“While CFI will reimburse the insured persons for the ‘clean claims’, please be assured that CFI understands that going forward this is not tolerable,” he said. “For emergency services, all registered healthcare facilities would be expected to provide care. The Commission will hold the approved insurer accountable to address the access concerns with their customers and the registered healthcare facilities.”

Cayman First Managing Director Roger Balkissoon told CNS that he was confident that updates to the claims system and the additional functionality of the health portal would alleviate the “pain points” being experienced by providers.

“We acknowledge the impact this transition period has had on our members and their ability to access healthcare,” he said. “Over the coming weeks, we will be working directly with those providers who are not currently accepting Cayman First member ID cards – only about 10% of all providers on the island – to ensure their transition onto the new portal is quick and seamless, to allow our members to use their ID cards at these locations as soon as possible. All other providers accept our member cards without issue.”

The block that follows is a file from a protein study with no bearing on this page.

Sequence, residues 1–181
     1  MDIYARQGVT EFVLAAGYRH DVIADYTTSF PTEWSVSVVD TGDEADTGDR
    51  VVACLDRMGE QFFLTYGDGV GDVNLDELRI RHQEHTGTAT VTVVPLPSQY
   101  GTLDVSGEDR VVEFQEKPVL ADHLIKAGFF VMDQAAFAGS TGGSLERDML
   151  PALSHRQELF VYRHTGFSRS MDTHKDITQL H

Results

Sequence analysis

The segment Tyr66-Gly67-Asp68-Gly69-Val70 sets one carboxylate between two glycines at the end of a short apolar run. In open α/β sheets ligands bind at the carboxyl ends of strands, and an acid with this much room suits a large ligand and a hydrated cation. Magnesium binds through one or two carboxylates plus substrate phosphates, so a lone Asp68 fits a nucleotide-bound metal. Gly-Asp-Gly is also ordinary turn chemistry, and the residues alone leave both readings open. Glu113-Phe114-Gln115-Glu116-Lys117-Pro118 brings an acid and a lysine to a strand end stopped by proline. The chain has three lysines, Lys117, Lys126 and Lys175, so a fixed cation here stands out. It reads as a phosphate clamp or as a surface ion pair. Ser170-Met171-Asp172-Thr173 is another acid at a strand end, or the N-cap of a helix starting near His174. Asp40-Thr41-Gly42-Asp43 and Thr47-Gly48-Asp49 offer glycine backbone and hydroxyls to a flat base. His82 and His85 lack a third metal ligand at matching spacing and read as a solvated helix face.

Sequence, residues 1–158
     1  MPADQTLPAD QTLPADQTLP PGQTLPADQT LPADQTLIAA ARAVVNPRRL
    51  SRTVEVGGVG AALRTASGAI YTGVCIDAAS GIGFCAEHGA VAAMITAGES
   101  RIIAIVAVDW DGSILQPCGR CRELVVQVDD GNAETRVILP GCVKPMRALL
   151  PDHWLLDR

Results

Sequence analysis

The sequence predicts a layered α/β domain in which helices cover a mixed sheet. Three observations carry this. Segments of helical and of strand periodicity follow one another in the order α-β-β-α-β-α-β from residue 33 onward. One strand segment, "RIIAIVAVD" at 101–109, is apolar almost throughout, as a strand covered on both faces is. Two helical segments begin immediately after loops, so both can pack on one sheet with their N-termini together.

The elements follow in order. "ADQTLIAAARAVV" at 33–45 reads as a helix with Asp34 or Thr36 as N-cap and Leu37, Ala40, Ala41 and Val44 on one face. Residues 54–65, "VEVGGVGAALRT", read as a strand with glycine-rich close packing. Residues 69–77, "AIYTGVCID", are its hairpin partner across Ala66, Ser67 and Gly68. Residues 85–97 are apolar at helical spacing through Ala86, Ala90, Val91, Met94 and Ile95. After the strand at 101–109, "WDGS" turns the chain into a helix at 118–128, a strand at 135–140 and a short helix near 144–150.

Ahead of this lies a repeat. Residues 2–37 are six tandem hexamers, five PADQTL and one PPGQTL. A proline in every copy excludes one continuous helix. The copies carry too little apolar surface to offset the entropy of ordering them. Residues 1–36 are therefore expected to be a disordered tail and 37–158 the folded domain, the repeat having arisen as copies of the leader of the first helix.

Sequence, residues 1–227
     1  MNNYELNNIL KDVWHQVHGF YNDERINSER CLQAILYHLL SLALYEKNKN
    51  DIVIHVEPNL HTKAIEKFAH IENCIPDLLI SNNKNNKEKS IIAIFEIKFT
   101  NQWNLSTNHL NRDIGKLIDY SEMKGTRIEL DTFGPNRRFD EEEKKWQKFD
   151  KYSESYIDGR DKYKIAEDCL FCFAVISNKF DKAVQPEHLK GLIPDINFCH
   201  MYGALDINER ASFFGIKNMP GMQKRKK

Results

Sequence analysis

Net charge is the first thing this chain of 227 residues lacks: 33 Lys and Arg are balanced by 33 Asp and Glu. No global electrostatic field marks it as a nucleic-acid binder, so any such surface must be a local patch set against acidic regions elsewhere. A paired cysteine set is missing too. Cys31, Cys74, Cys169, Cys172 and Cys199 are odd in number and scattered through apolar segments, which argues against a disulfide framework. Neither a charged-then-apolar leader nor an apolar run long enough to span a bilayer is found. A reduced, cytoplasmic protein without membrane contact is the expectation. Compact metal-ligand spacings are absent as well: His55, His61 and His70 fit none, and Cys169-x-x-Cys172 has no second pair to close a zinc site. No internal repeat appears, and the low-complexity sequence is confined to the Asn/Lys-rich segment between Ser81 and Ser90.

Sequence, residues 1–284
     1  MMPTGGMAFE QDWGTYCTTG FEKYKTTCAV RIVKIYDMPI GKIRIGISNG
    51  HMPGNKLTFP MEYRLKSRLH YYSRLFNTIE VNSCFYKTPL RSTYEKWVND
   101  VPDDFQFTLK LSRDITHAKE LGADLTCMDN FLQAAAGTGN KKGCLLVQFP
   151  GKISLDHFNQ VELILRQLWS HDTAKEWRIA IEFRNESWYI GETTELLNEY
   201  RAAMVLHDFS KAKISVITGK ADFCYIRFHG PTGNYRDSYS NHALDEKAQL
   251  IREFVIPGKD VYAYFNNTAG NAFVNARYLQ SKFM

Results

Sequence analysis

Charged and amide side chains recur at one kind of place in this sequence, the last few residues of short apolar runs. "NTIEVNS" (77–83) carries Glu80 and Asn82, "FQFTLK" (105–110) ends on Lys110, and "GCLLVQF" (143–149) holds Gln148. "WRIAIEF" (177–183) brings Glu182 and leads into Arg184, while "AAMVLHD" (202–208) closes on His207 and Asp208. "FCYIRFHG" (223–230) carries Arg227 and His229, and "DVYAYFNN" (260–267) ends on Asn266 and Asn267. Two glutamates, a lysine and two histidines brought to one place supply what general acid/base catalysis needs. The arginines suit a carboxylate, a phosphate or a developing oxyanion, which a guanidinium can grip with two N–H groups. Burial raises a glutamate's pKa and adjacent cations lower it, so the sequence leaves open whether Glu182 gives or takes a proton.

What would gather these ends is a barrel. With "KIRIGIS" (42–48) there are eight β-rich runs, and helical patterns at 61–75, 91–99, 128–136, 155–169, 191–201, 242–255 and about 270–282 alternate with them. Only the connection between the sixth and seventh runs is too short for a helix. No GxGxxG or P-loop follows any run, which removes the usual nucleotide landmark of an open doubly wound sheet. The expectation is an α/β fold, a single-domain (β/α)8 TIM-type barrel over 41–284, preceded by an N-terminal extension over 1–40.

He said that the insurance company remains in regular communication and good standing with the regulators, having met conditions set by the HIC and addressed their concerns around staffing and systems. 

“On 15 January 2023, we provided the HIC with our quarterly financial reports for the year 2022 and a view of our outstanding claims,” Balkissoon confirmed. “We will next be submitting an updated staffing plan, which includes a proposal to hire and train personnel dedicated to assisting those customers and claims that were impacted by the recent health system upgrade and hiring a consultant to help us create efficient workflows.”